According to Bock, giving employees a voice means “giving them a real say in how the company is run.” Many of Google’s people practices actually originate from employee feedback.
For example, in 2009, Google’s annual survey revealed employees’ frustration with Google’s bureaucracy. In short, it was becoming harder to get things done.
Rather than announcing a “top-down corporate initiative,” Google’s CFO Patrick Pichette put the power into Googlers hands.
Pichette launched a “Bureaucracy Busters” program. In this annual program, Google employees talk and identify their biggest frustrations with bureaucratic processes like budget approvals.
After the first Bureaucracy Busters session, Google implemented all the changes Googlers asked for. Employees were happier, making it easier for Bock’s People Operations team to do their work. Essentially, it was a win-win.
Bock closes this chapter by saying, “if you give people freedom, they will amaze you.” He advises, “if you’re not nervous, you haven’t given them enough."
Let the Inmates Run the Asylum
For many leaders and managers, the million-dollar question is how to motivate employees and get them to act like owners rather than employees.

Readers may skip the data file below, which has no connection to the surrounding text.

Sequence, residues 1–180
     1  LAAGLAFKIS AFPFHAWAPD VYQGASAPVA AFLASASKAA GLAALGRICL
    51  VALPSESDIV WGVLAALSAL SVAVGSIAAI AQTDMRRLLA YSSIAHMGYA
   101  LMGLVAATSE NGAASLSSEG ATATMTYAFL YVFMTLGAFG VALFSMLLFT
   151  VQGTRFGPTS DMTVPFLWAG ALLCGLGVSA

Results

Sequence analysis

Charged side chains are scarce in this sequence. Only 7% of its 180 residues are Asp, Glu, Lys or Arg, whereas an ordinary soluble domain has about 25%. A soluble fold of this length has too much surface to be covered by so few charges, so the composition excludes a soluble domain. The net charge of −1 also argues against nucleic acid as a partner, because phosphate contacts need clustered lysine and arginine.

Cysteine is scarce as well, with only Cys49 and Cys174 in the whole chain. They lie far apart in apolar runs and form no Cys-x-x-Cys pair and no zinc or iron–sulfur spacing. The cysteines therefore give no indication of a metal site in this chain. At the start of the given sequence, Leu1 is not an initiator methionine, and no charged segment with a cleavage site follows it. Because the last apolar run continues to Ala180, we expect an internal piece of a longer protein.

According to Google's philosophy, autonomy is essential for happiness and fulfillment at work.
Autonomy means power is shared -- everyone has a voice, regardless of seniority or title.
Google expresses its commitment to this philosophy in many of its practices.
Yet, Bock explains too many companies operate otherwise -- only letting a few people hold all the power over major decisions.
Bock believes businesses should do the opposite. Leaders should trust employees more and assume the best in people. Because he believes these assumptions have the power to shape the destiny of work culture.
For example, if you assume employees are lazy and out to take advantage of your company, this can give rise to an unbalanced work culture that uses chain of command systems, rules and bureaucracy to control supposed bad behaviour.
In other words, in an effort to control a minority of bad actors, you kill the entrepreneurial and innovative spirit of a company and end up driving away your best people. And of course, this only leaves more of the wrong people behind.
Bock believes giving trust and creating an environment of mass empowerment is vital for motivating high performance. He explains that you have to counteract our human tendency to defer to authority and seek hierarchy to achieve this.